In January of 2013, the Edison Electric Institute released a report titled “Disruptive Challenges: Financial Implications and Strategic Responses to a Changing Retail Electric Business”, which outlined a variety of challenges traditional power utilities will face in the upcoming years. The current power infrastructure in the United States wasn’t constructed with end-user power generation in mind, so the increasing power independence of households and businesses creates threats of “irreparable damages to revenues and growth prospects.” Chief among new technologies are advanced renewable energy sources, including solar, and the growth of grid-independent distributed power generators, aka microgrids.
When reading the news around counterfeit components, much of the dialogue is driven by the defense industry. When you are dealing with systems that protect our national security and the lives of the people out in the field – you’re not dealing with counterfeits in a bunch of trivial electronics. You’re taking necessary steps to protect the lives of men and women who depend on the systems for their safety. Since 2011 more than 1800 cases of counterfeit components were reported in defense applications, including mission computers operating the THAAD missile system, in the Air Force’s C-27J, in the Navy’s P-8A, and in electromagnetic interference filters on an SH-60B helicopter.
However, the trouble with counterfeits isn’t limited to the defense industry and the military. They’re just currently the ones driving the conversation and legislation such as the 2012 National Defense Authorization Act, Sec. 818.
It can be easy for those of us in the embedded industry to think of obsolescence as predominantly an electronics or software issue and to imagine its scope as limited to small- or medium-scale consequences. Unfortunately, the harsh reality is that obsolescence is a problem across many industries, and the consequences can be severe. The […]
It is strange how onboarding the concept of legacy sustainment can change the way you look at the world around you. On a recent road trip along one of the nation’s many two-lane highways, I found myself wondering about the thousands upon thousands of wooden utility poles dotting the landscape. How often are they repaired? […]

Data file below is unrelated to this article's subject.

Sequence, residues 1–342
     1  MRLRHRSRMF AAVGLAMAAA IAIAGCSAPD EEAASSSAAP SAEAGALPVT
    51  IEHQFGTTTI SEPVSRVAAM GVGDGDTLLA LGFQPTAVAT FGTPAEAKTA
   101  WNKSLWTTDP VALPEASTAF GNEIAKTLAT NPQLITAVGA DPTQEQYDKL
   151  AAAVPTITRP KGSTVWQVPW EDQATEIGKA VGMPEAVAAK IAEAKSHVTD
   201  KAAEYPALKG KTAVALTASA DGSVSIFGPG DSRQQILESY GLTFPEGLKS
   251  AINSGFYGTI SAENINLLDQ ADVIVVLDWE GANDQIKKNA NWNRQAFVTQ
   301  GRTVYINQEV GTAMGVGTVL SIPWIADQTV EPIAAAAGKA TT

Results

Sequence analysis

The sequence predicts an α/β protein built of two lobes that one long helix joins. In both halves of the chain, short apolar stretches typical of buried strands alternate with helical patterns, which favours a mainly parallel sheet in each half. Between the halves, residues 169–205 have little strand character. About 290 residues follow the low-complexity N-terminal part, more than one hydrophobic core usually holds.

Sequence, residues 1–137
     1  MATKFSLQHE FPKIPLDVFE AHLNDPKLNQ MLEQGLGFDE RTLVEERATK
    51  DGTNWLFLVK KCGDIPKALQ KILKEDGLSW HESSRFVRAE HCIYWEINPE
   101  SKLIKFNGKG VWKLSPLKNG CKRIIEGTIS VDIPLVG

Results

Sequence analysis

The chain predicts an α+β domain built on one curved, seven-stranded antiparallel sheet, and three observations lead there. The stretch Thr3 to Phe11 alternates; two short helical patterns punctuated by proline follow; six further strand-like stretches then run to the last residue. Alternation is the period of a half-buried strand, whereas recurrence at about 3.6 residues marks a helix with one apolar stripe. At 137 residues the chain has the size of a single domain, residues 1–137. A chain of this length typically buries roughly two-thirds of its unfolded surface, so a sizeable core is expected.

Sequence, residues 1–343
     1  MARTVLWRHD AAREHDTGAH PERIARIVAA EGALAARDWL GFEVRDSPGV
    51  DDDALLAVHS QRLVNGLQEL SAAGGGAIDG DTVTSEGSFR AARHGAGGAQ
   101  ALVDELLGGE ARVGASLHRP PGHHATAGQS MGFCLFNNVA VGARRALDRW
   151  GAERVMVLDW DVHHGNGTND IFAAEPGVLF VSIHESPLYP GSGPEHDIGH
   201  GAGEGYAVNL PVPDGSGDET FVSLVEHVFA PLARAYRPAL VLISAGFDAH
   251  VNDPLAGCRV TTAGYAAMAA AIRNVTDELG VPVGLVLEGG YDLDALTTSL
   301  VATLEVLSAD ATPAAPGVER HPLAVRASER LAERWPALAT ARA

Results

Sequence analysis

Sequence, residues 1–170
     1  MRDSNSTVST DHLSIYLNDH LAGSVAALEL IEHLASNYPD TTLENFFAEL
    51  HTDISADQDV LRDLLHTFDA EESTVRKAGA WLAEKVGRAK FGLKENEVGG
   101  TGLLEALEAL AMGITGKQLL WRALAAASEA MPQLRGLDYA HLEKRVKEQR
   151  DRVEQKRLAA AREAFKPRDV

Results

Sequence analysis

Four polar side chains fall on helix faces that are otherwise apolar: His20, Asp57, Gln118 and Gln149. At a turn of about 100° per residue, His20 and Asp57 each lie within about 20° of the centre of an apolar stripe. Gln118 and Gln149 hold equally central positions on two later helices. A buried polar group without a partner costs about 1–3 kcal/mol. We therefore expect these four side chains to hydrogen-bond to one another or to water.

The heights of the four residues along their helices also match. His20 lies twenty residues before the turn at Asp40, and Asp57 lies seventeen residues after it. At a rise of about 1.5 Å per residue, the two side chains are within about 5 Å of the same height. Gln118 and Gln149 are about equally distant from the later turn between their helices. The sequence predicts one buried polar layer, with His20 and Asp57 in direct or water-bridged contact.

“Proactively take timely and effective actions to identify and minimize the DMSMS impact on DoD acquisition and logistics support efforts.” SD-22 DMSMS Guidebook The DMSMS conference is just around the corner. As a conference all about obsolescence management, it tends to be one we look forward to every year. This year, we’re looking to take […]
For players in the embedded industry it is easy to forget how large the problem of obsolescence can be, especially beyond the component level. Recently, I was talking to a software engineer who had spent a year doing software modernization, as a result of upgrading a flight navigational system from the original code to Linux.
The reasoning for the transition certainly made sense—the program was having difficulties finding software engineers who could continue to sustain programming that had been implemented during the early 1980s. While the system was incredibly robust and was considered “bulletproof,” it could no longer be supported the way it had been. Under pressure to upgrade, the program moved to Linux, which has a community that affords an active and growing resource for talent.
When the subject of counterfeit mitigation and avoidance comes up you generally find a couple of areas that people focus on: standards, test/inspection, and tagging. Tagging can involve many things, including specially etched marks, marks that show up only under certain lights, rare earth tags, and DNA tags. In general, these marks rely one or […]
GDCA enjoyed the privilege of being a part of this year’s Arrow Electronics ACT Masters 2013 in Denver CO. Arrow’s technical sales force was trained in a centralized fashion while suppliers got a first glimpse of Arrow’s strategy and technical roadmap. This year’s theme celebrated the spirit of innovation by acknowledging the expertise of Arrow’s […]
With the dialog about counterfeits in the supply chain, it is easy to lose track of what counterfeits actually mean. Yes, they will hurt your business. Yes, they can lead to heavy penalties and jail time, but counterfeits can also lead to jeopardizing lives; a risk that could otherwise have been avoided.
I am always looking for recent numbers and reports to keep the topic fresh and moving forward. But, recently, as I researched my paper for the upcoming SMTA International conference, I’ve come across some new numbers that drives home, once again, how vulnerable everyone is to the issues around counterfeits.
I personally take an average of 2-4 flights every month. According to the FAA, the amount of travel Americans are doing both for business and recreation is increasing. It is projected that the total number of people flying commercially on U.S. airlines will increase from 732 million to 746 million in 2013, and increase to 1.2 billion by 2032. And in 2010 the FAA estimated that some 520,000 counterfeit parts make their way into planes each year.
To answer the question, we need to look at the issues of innovation from a different angle; namely economics and markets. Free markets are a wonderful concept as long as the motivation and incentives are aligned in the right way for all the players in order to achieve the set objective. So let us look […]